Hence, Matrix Technologies and Rainin continued to improve their models, initially joined by the Finnish company, Biohit, in the early nineties, which developed a smaller electronic pipette with a reduced weight. But it took another ten years until the first major players such as Eppendorf and Gilson stepped into the electronic pipetting market and introduced competitive models that passed the reality check in life science laboratories. Today, most pipetting companies offer their own series of electronic pipettes. Considerable advantages in battery technology and consumer electronics over the last decade have solved the problems associated with early models, except for the slightly higher weight compared to manual pipettes.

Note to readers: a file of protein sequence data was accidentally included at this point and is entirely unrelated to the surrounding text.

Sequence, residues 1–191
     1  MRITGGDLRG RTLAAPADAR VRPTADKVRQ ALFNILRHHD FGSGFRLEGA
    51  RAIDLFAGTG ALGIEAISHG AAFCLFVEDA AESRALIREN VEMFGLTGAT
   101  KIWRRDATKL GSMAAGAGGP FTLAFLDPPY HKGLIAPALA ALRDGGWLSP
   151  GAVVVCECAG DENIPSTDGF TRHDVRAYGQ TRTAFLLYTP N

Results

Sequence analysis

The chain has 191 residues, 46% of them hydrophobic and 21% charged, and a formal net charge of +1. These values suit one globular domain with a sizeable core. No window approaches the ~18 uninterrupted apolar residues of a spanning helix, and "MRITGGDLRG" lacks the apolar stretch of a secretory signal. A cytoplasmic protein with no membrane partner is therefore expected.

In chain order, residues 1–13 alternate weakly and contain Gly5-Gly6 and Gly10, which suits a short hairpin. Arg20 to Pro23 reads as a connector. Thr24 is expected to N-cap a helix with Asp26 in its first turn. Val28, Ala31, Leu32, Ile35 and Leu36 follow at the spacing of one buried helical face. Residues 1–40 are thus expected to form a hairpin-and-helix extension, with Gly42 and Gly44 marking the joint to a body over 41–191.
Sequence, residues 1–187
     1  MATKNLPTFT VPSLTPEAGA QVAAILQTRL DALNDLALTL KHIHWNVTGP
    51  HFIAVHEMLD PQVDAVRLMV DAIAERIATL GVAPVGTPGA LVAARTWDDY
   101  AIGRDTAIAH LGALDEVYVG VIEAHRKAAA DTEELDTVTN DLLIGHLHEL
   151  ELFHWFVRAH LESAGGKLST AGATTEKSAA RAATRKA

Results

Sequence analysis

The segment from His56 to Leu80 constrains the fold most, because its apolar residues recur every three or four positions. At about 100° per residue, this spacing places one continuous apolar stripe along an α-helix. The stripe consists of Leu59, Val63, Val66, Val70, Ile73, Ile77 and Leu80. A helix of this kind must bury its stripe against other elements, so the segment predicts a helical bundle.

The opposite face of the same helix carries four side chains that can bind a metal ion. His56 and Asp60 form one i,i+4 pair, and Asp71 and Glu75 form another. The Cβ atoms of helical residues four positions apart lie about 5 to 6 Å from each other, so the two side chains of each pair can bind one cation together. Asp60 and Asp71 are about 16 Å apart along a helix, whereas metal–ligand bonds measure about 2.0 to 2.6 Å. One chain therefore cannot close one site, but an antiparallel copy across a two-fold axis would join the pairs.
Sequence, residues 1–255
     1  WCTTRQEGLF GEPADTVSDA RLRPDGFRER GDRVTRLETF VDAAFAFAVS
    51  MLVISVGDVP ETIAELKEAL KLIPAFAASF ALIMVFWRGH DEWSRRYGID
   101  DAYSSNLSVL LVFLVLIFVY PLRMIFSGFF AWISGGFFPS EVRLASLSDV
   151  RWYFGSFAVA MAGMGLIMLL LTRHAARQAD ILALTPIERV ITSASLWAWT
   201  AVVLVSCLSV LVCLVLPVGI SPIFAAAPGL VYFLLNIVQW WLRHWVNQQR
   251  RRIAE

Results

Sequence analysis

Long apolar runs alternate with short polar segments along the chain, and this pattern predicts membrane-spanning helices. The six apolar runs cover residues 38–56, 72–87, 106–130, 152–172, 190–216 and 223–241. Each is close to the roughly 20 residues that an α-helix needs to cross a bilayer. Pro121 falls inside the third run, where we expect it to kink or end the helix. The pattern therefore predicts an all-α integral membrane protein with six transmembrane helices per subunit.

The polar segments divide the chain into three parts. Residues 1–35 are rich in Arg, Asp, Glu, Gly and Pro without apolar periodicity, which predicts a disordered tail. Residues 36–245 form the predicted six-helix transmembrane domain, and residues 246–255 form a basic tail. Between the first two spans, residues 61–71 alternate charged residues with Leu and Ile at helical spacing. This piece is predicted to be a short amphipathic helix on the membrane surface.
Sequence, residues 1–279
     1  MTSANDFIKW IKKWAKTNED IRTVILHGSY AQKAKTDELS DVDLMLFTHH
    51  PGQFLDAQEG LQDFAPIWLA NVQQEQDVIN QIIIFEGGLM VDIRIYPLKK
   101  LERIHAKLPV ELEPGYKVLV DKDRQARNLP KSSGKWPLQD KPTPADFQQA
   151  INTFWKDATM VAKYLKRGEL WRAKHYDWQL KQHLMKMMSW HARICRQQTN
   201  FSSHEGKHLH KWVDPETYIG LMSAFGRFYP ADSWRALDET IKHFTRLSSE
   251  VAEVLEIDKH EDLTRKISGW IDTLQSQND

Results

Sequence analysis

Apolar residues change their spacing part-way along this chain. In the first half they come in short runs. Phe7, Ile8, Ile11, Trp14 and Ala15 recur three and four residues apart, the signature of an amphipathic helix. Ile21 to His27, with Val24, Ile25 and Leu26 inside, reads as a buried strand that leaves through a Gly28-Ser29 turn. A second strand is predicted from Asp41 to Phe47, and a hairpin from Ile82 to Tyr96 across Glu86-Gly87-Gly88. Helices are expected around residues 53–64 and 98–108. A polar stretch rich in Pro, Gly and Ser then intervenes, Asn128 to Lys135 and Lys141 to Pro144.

Modern electronic pipettes come with rechargeable Li-Ion (Li-Polymer) or NiMH batteries. Li-Ion batteries are known for their high energy density and lack of the so called memory effect that pesters NiCd and NiMH batteries. Due to the memory effect, NiCd and NiMH batteries gradually lose their capacity, if they are repeatedly partially discharged before recharging. Li-Ion batteries in electronic pipettes have stored enough energy after a few minutes of charging to support several hours of pipetting and are usually fully charged after two hours. Most electronic pipettes may be charged with wall power supplies allowing operation during charging, on charge stands or via USB cables.
The arrangement of the operation buttons and the location and format of the display are the most crucial details of electronic pipettes, with an immediate impact on ergonomics and usability. A closer look at theses details and a thorough practice test in the laboratory should be mandatory before buying an electronic pipette.